Alon Levy

I've heard the granite explanation for Manhattan costs a few times before. I'm not really convinced, for two reasons: first, soft ground can be as big of a problem to tunnel in as hard ground, if there's a threat of a cave-in.

And second, the region's light rail costs are out of whack as well. The Hudson-Bergen Light Rail, a project connecting existing abandoned railroad ROWs with a streetcar-mode segment in downtown Jersey City, is the most expensive at-grade LRT in the US. New Jersey Transit's Meadowlands extension was supremely expensive as well, about 5-10 times as much as you'd expect an above-ground commuter line to cost in Europe.

I don't think the dollar is overvalued overall. The standard IMF and OECD calculations of purchasing power actually say it's undervalued. The US has very high costs of public goods, and compensates by having cheaper private goods. If you try to deflate GDP based only on public goods, you'll get nonsense figures: Spain would look like the richest European country, and the US wouldn't look much richer than China. It's not observed in corporate choices of where to relocate, or in living standards (jokes about US health care aside), or in the spread of consumer goods.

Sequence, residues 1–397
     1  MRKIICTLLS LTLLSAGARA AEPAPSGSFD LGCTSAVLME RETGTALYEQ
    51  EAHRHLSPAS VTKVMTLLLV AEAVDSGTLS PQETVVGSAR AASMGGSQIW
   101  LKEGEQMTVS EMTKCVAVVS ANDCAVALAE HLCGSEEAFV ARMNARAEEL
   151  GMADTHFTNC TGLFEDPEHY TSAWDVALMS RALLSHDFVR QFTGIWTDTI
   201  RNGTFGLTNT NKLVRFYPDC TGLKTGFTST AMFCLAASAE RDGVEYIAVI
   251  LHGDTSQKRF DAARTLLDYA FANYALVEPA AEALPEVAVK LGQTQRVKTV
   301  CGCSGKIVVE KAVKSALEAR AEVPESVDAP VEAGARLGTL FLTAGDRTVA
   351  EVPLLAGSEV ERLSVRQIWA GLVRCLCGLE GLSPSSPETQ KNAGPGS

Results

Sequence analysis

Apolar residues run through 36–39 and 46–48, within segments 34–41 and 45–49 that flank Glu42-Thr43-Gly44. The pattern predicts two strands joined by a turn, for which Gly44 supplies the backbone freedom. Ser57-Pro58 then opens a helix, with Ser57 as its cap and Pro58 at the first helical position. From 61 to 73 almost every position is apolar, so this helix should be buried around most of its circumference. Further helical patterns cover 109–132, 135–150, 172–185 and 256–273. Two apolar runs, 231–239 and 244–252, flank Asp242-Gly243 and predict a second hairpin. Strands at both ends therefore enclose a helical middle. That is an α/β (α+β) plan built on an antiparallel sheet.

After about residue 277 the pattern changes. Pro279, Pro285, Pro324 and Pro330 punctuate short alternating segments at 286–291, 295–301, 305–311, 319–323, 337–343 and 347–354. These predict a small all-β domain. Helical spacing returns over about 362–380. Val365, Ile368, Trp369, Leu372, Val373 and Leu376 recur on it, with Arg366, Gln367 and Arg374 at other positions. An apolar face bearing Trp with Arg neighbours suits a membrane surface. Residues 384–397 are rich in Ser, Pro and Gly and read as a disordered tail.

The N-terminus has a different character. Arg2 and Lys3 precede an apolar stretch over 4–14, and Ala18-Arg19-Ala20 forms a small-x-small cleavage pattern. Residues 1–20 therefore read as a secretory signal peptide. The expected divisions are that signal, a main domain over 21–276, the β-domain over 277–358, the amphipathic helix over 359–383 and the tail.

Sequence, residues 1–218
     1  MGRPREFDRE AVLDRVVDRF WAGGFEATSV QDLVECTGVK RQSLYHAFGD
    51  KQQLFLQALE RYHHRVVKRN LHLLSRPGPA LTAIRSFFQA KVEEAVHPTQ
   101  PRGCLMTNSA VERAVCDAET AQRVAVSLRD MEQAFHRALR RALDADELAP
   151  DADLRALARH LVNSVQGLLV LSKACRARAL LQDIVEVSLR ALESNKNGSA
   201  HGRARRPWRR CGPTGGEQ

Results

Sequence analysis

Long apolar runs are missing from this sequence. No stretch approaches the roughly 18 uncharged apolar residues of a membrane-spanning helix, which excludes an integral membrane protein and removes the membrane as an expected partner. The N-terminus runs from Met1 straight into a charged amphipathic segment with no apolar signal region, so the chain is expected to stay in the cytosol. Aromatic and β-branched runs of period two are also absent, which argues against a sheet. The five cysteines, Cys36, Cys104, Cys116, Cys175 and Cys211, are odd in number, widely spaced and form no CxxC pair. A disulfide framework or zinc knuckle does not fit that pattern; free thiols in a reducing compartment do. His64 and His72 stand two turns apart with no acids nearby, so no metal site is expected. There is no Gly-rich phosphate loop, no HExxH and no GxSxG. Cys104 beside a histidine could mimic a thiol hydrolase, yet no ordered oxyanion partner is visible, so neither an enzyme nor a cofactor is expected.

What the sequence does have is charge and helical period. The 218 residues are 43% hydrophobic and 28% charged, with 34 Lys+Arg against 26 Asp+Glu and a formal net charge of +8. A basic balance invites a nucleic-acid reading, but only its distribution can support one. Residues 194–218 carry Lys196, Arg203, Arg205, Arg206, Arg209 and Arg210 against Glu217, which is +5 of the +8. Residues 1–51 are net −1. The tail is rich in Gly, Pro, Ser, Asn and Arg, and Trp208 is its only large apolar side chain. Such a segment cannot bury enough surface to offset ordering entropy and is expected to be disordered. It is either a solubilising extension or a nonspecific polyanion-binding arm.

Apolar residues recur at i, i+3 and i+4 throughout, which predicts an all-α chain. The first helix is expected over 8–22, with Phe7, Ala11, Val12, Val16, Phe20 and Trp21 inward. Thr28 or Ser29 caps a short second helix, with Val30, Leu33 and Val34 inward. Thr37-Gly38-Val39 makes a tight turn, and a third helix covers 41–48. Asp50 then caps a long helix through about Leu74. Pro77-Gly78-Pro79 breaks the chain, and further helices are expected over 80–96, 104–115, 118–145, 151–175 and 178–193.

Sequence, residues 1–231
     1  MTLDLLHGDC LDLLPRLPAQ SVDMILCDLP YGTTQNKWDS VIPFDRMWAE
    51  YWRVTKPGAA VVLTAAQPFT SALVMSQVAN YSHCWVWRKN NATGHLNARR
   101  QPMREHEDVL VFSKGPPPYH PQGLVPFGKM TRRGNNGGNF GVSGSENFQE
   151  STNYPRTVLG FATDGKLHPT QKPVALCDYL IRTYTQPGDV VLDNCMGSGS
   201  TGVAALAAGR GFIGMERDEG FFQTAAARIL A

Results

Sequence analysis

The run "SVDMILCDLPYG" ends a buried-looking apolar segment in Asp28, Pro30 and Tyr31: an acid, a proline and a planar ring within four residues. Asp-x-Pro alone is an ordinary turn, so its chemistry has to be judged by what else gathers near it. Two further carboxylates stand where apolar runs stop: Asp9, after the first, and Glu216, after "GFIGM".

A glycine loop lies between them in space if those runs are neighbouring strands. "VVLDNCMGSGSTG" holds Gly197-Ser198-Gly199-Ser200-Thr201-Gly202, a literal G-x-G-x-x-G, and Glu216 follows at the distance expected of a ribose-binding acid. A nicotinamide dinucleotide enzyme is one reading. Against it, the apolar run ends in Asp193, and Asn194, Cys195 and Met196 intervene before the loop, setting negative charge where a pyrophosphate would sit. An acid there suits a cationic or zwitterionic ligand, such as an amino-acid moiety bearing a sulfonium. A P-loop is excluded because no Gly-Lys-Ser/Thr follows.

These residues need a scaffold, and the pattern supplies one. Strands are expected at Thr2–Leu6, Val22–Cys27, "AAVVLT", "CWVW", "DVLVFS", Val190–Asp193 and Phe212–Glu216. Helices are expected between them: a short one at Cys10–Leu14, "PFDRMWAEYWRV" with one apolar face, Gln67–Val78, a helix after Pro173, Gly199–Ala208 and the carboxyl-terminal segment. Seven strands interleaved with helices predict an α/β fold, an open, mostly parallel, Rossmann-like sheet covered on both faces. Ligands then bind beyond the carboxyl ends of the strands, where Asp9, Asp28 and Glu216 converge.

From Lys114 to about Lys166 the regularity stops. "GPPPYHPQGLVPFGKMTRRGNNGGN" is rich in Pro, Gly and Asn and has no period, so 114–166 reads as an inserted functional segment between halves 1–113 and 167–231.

J B

@Tobias, if both the UK pound and the US dollar are overvalued, you still have to explain the very large discrepancy between the US and the UK.

Eric

Just a theory, but, we're just a bigger country and used to "greenfield" development. This kind of development tends to be bundled, tweaking pro forma minutiae for profit. (Hence the higher salaries?) Because we are good at this, we resist the kind of centralized planning that would give us greater proficiency with complexity. Complex infrastructure improvements don't allow as much tweaking for cost efficiencies. It's a different culture of development here. We're geared toward rapidity, not lumpy project scenarios with a lot of political foot-dragging, calisthenics and back-up involved.

Tobias

@ J B
I don't say that they are equally overvalued.